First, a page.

ESB seeks partner to set up fibre network
Vodafone and BT Ireland vying for involvement in proposed joint venture
The super-fast fibre network will be strung across ESB poles and run directly into homes and businesses
Vodafone and BT Ireland are vying to partner ESB in building a €400 million super-fast fibre network, which will be strung across ESB poles and run directly into homes and businesses. It will be open for use by all internet providers in the market, and will provide serious competition in some areas for Eircom’s €1.5 billion fibre investment.
ESB is seeking a partner to launch a new joint venture company to develop the network.The first phase of its development will connect 450,000 buildings in towns outside the main metropolitan areas such as Dublin and Cork. Sources said it would have broadband speeds of up to 150MB per second, making it the country’s most powerful network.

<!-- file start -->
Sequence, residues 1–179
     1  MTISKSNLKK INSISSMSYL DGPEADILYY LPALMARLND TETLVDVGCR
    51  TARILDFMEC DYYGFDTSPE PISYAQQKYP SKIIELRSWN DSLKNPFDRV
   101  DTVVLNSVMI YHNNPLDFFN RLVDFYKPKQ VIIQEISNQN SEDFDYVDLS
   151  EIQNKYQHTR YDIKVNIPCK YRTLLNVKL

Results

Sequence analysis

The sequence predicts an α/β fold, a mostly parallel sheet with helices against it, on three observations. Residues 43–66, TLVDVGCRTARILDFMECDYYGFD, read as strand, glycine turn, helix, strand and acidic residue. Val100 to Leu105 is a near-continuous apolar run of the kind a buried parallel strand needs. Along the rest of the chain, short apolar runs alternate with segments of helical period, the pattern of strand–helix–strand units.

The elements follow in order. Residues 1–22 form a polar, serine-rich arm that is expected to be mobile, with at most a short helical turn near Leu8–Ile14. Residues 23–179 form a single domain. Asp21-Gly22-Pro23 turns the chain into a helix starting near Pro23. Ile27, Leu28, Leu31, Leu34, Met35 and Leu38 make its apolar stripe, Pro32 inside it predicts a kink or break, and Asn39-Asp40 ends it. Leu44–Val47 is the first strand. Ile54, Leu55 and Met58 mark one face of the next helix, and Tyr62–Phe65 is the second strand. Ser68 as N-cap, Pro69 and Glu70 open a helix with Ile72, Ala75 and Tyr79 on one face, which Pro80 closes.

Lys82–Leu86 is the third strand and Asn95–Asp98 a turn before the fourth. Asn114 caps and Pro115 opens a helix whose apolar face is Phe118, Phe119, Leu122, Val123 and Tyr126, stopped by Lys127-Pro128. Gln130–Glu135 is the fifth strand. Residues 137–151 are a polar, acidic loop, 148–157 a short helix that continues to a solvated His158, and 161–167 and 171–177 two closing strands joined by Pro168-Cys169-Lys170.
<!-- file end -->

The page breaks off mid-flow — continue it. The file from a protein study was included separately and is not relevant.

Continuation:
Vodafone and BT are both understood to be interested. Bids are due in at the end of next month, and a decision will be made by the end of September, after which it is expected there will be several months of negotiations about the operation of the new company. Work will begin on the network in the first quarter of next year.
Both BT and Vodafone declined to comment. ESB declined to comment on its potential partners, but said: “The process to select a JV partner for ESB’s fibre project is ongoing and will hopefully be concluded by the end of the year, with a view to starting the project in early 2014.”
Most fibre networks run to roadside cabinets, with copper wires used for the final stretch into buildings, slowing down speeds for customers. The ESB JV will run fibre directly into the walls of buildings alongside its electricity wires, a system known as fibre-to-the-building (FTTB).
Eircom’s fibre network, being developed to rival UPC’s new high-speed service, is a combination of roadside cabinet and FTTB technology.
The joint venture will own the fibre assets, but will pay ESB Networks a fee to piggyback on its pole infrastructure. The JV will act as an open-access wholesaler, raising the prospect of stiffer competition emerging to provide broadband services in towns around the country.
Any internet provider will be able to buy space on the network from the JV at a wholesale price, and sell services to users at retail level. The JV will not have its own retail presence. The first towns will be ‘lit up’ in about 12 months.